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Nancy wrote:

<< The entire verse makes a very coherent 
single image.  It is not a serious poem; it is a joke between the two of 
them, and there is not, in my view, any reason to import any speculative, 
ambiguous, symbolic meaning in such a text. 

 Nancy in another post wrote:

<<Indeed, I cannot see any other way to read it grammatically unless
Pound 
is both Urania and a midwife performing both acts.  It is quite exact 
syntactically that a male Urania begat TWL on Eliot and that this being a 
difficult pregnancy to get out, Pound performed the caesarean section to 
remove it--there being, one presumes, no birth canal in a male mother.>>

 I think true enlightenment is contained in "it is a joke between the two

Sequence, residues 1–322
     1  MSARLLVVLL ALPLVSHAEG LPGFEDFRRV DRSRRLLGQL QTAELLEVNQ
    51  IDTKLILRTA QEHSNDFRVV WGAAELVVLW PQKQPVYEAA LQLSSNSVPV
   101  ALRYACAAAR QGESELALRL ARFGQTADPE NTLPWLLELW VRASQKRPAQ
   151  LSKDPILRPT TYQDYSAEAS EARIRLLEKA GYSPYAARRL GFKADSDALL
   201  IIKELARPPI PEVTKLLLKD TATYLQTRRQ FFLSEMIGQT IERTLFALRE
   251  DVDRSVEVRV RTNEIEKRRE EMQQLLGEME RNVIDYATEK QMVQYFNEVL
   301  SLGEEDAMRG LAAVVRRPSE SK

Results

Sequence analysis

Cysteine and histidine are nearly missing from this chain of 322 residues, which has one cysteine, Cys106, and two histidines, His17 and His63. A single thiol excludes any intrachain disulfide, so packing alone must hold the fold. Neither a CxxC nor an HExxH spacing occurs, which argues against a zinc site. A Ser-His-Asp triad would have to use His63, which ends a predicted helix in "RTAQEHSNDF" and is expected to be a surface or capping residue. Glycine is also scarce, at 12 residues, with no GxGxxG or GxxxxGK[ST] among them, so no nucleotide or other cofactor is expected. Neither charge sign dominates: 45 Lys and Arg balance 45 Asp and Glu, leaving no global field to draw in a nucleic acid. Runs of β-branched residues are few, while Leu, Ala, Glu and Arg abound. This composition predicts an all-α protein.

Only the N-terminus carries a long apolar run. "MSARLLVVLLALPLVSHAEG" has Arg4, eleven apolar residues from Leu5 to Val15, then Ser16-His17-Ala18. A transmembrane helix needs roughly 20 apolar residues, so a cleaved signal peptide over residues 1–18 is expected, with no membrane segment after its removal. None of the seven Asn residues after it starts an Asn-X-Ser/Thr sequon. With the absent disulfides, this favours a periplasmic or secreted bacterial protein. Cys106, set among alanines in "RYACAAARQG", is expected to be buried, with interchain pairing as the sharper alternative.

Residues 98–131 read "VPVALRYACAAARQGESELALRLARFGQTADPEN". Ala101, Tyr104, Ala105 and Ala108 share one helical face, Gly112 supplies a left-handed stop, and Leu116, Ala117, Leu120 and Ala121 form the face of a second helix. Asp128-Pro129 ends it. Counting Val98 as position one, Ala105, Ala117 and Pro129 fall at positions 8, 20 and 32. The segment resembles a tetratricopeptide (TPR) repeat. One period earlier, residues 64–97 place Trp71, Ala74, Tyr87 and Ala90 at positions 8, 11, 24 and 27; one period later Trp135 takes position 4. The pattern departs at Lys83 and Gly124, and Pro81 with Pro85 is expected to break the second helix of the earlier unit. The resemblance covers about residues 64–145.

of them," and I agree that importing extra meaning is uncalled for, and
that would certainly include an inapplicable literalism such as "there
being, one presumes, no birth canal in the male mother," an admixture to
the conceit that is unnecessary. Meaning, there is no "birth canal" in
biological males and there are no biological mothers among biological
males, so why try to make the conceit match up with biology?

 It "is not a serious poem." Once all the tweezers are applied, the life
has already departed. Eliot has created a poem, likened to a mother
creating a baby. From what I gather lately about Urania, it seems she
would be inadequate, on her own, to produce the full-grown "creature" 
called The Waste Land. Let Pound have his joke.

 Ken A. --